"Link count" in sh ip ospf database

Answered Question
Oct 21st, 2009

In building my little practice OSPF network, I've started with a simple point-to-point link (201.0.0.0/30) between R1 and R10. Only those point-to-point interfaces are declared in the ospf process; and when I do a show ip ospf database command on either router, I see two Router Link States (as I expect to) only the "Link count" for each is "2."

If I understand the Link count field correctly, it's the number of OSPF interfaces on the router. Except I've only configured one OSPF interface on each, and sure enough just one is listed when I do show ip ospf interface.

Is the 2nd one supposed to be the loopback interface used as the ID (even though I didn't include the loopbacks under the network statement?) What is the explanation?

I have this problem too.
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Correct Answer by Giuseppe Larosa about 4 years 6 months ago

Hello Stuey,

point-to-point links are counted twice in the sh ip ospf database.

I've faced the same issue when I started to work on OSPF in the previous century.

Hope to help

Giuseppe

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Correct Answer
Giuseppe Larosa Wed, 10/21/2009 - 22:38

Hello Stuey,

point-to-point links are counted twice in the sh ip ospf database.

I've faced the same issue when I started to work on OSPF in the previous century.

Hope to help

Giuseppe

Peter Paluch Thu, 10/22/2009 - 21:35

Hello Seth,

You should ask why :)

Actually, it is quite simple. In OSPF database, a point-to-point link is modelled actually as two entries in LSA1: one entry describes solely a direct connection to another router, without advertising the network that is present on the link. The second entry advertises the network on the point-to-point link as a stub network.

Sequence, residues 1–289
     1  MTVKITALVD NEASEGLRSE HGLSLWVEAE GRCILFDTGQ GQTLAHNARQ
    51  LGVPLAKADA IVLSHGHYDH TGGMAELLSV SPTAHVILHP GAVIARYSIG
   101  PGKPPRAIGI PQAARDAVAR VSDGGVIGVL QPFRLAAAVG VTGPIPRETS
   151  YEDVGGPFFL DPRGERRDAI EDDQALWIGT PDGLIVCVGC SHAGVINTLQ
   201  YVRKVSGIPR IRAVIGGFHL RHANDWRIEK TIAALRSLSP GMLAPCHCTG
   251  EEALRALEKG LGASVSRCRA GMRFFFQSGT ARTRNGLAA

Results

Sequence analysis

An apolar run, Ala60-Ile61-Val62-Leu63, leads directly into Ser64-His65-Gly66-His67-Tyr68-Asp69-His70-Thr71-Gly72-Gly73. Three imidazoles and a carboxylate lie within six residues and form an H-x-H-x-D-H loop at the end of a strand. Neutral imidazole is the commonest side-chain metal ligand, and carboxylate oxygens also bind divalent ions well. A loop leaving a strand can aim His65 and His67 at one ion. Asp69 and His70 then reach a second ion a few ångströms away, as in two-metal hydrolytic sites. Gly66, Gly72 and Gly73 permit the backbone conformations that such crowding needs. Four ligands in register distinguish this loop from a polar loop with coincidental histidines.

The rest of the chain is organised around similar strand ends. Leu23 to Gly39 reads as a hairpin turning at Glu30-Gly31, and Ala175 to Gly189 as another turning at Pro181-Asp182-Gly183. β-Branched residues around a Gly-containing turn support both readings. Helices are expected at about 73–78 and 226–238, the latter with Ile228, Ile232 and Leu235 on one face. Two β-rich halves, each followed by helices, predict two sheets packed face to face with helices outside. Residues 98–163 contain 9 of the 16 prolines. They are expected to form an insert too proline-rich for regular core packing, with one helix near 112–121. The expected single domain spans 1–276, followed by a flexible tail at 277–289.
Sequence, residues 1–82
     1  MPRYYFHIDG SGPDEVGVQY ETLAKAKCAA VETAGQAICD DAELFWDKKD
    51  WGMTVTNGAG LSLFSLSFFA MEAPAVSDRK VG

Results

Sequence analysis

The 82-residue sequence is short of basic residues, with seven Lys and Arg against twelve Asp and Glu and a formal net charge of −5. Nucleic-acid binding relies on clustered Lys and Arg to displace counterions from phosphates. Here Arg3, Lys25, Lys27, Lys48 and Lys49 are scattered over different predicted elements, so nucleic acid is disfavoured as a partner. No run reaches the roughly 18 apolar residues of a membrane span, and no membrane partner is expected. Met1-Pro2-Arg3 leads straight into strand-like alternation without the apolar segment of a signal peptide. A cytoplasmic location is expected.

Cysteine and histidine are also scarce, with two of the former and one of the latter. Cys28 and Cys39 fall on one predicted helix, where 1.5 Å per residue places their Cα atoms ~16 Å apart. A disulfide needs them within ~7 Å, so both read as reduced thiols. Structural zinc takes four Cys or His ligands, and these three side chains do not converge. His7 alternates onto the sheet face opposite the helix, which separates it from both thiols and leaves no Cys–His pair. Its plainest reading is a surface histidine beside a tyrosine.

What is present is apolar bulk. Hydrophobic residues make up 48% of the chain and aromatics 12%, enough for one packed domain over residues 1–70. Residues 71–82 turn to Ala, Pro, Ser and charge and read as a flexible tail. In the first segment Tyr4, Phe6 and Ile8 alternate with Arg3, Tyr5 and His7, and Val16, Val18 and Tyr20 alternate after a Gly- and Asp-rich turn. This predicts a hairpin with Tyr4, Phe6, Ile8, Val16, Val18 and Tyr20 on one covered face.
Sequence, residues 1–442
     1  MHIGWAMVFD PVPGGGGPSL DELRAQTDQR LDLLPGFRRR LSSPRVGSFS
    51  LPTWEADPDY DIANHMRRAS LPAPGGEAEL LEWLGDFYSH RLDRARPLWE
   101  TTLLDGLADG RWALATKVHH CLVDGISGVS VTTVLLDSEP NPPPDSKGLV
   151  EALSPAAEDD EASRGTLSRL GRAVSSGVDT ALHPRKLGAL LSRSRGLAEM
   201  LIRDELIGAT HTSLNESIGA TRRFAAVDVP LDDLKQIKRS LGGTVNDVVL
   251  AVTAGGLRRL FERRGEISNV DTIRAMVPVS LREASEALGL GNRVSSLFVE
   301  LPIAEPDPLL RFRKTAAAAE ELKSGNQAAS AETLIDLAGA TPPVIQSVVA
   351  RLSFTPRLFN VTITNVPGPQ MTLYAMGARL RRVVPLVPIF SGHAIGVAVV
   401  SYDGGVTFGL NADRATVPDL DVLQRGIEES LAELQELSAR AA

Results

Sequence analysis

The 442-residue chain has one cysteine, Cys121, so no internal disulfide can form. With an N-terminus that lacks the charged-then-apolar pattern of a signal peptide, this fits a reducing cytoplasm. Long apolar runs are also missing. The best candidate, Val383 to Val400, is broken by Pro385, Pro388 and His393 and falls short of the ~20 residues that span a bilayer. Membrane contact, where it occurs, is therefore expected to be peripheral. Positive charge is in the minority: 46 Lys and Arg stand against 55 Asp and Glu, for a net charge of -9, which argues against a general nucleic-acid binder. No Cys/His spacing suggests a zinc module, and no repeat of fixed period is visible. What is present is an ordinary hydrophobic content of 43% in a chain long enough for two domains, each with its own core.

I have put together a small network consisting of two routers connected by a single serial link. The router R1 is 10.0.0.1/24, the router R2 is 10.0.0.2/24. Now, let's have a look at the LSA1 of the R1:

R1#show ip ospf database router self-originate

OSPF Router with ID (10.0.0.1) (Process ID 1)

Router Link States (Area 0)

LS age: 16

Options: (No TOS-capability, DC)

LS Type: Router Links

Link State ID: 10.0.0.1

Advertising Router: 10.0.0.1

LS Seq Number: 80000002

Checksum: 0xEC7F

Length: 48

Number of Links: 2

Link connected to: another Router (point-to-point)

(Link ID) Neighboring Router ID: 10.0.0.2

(Link Data) Router Interface address: 10.0.0.1

Number of TOS metrics: 0

TOS 0 Metrics: 64

Link connected to: a Stub Network

(Link ID) Network/subnet number: 10.0.0.0

(Link Data) Network Mask: 255.255.255.0

Number of TOS metrics: 0

TOS 0 Metrics: 64

Note that there are two entries there. The first entry describes a point-to-point link - on which R1's interface router it starts and what does it connect to. The second entry contains the address of the network that is present on the point-to-point link.

The LSA1 of the R2 looks very similar:

R2#show ip ospf database router self-originate

OSPF Router with ID (10.0.0.2) (Process ID 1)

Router Link States (Area 0)

LS age: 359

Options: (No TOS-capability, DC)

LS Type: Router Links

Link State ID: 10.0.0.2

Advertising Router: 10.0.0.2

LS Seq Number: 80000001

Checksum: 0xE288

Length: 48

Number of Links: 2

Link connected to: another Router (point-to-point)

(Link ID) Neighboring Router ID: 10.0.0.1

(Link Data) Router Interface address: 10.0.0.2

Number of TOS metrics: 0

TOS 0 Metrics: 64

Link connected to: a Stub Network

(Link ID) Network/subnet number: 10.0.0.0

(Link Data) Network Mask: 255.255.255.0

Number of TOS metrics: 0